Abenaki filmmaker Alanis Obomsawin on her legendary career and the power of storytelling
In October 2020, Abenaki artist, activist and documentary filmmaker Alanis Obomsawin was awarded the 2020 Glenn Gould Prize of $100,000. It honours an individual for "a unique lifetime contribution that has enriched the human condition through the arts."
Since 1967, Obomsawin has made more than 50 films with the National Film Board of Canada, largely focusing on the rights of Indigenous people. Her landmark documentary, Kanehsatake: 270 Years of Resistance, portrayed what became known as the "Oka crisis" as it unfolded in 1990 in the town of Oka, Quebec. Obomsawin documented the 78-day standoff between the Mohawk Nation and the Canadian army over the attempted expropriation of Mohawk land. Kanehsatake has been described by arts journalist Jesse Wente as "a watershed film in the history of First Peoples cinema."
Born in New Hampshire in 1932, Obomsawin grew up on the Odanak Reserve near Montreal, and in Trois-Rivières, where she faced violence and discrimination as the only Indigenous student at her school. She began her career as a singer and storyteller before joining the National Film Board.
Obomsawin's most recent documentary, Jordan River Anderson, The Messenger — released when she was 87 — won the best Canadian documentary award at the 2019 Vancouver International Film Festival.
She spoke with Eleanor Wachtel in 2008, at her home in Montreal.
Where I was born
"I was born actually in Lebanon, New Hampshire, and that is an Abenaki territory. When I was six months old, I was taken to the Odanak, which is the reserve where my parents were born. My mother went back to the States and I stayed with my aunt and uncle and their children.
"Not long after, I developed on my body something that looked like eczema, but wasn't. I was covered with it. It got so bad that I was supposed to die. I was in a coma. They didn't know what it was.
When I was six months old, I was taken to the Odanak, which is the reserve where my parents were born.
"The local doctor had come and said that they shouldn't move me, but they should watch me, as I was supposed to die that night. This old aunt of my mother came in, apparently she was very angry, and she wrapped me up in a blanket. She took me to her little house. She kept me for six months and I survived. Nobody knows what she did."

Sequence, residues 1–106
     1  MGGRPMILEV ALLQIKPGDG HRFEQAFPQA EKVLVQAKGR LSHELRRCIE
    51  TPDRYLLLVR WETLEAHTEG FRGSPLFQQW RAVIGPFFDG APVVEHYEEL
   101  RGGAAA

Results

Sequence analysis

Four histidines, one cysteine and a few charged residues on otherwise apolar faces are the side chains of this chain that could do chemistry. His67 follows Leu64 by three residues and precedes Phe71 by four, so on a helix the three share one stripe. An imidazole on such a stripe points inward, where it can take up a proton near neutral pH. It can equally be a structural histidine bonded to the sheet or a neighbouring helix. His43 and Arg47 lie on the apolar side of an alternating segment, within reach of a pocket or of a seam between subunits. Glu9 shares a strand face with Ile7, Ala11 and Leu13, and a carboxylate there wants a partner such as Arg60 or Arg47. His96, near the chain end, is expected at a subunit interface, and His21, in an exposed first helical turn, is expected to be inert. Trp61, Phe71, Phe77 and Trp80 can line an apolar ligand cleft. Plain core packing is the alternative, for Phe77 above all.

Working with the National Film Board
"When I became involved with the National Film Board, it wasn't my idea because I didn't know anything about film. But my fight for changes in residential schools led me to do a campaign to build a swimming pool on my reserve in the 1960s.
"And from that, Ron Kelly, who did a lot of work for CBC at the time, did a short film on what I was doing. It appeared on this CBC television program called Telescope in 1966. And some producers at the board saw it, and asked me to come there.
When I became involved with the National Film Board, it wasn't my idea because I didn't know anything about film.
"In those days they had these small theatres where people used to go and look at their films.
"So somebody put me in a chair at the front, and they had all these top producers and directors sitting in the theatre. And somebody said, 'Well, just tell us some stories like you do in school.' And I sat there and I started telling them stories and dreams I had.
"Eventually I was asked to be a consultant. And from then on, I stayed."
The power of resistance
"I called my documentary [about the standoff in Oka] Kanehsatake: 270 Years of Resistance because I counted the years. It's exactly that amount of time when the Sulpicians [the Society of the Priests of Saint Sulpice] arrived and started telling the Mohawk that they didn't own any land. They cheated them out of their land. They lied to them, beat them. It was horrible. And the Mohawk, generation after generation, knew that this was their land.
"Have you ever heard of working in hell? It was very difficult to do your work in this kind of atmosphere. There were guns everywhere.
"I hate guns, but I saw people having so much courage and believing why they were doing it. And I saw the other side not wanting to recognize that this was Mohawk land, they were still saying, 'This is not your land.'
Have you ever heard of working in hell? It was very difficult to do your work in this kind of atmosphere.
"Knowing my history and the history of this country, this had previously happened to all the reserves. But nobody ever knew about it. And our people didn't have much defence, either politically or otherwise. So a lot of the land has been lost for all nations in this country in the same manner.
"And when the Mohawks did that stand, it became a turning point for all the reservations in Canada. It would be much harder now for any municipality to try and do this again."
Standing up for my people
"I will never leave my people. Even if I was a millionaire, or even if I had all kinds of power, I would always think of making a better place for them.
"It's because they are still there — there are a lot of people that have been able to find their way. I often tell my story because I want them to hear that, if I am where I am today, it is because I refuse to be what they told me I was. I refused to feel inferior.
I often tell my story because I want them to hear that, if I am where I am today, it is because I refuse to be what they told me I was.
"I never have and I never will. I always fought back. And that's what I want our people... and not just our people, but people of the world who are made to feel less. It's not true, and I just want my own people to understand that."
Alanis Obomsawin's comments have been edited for length and clarity.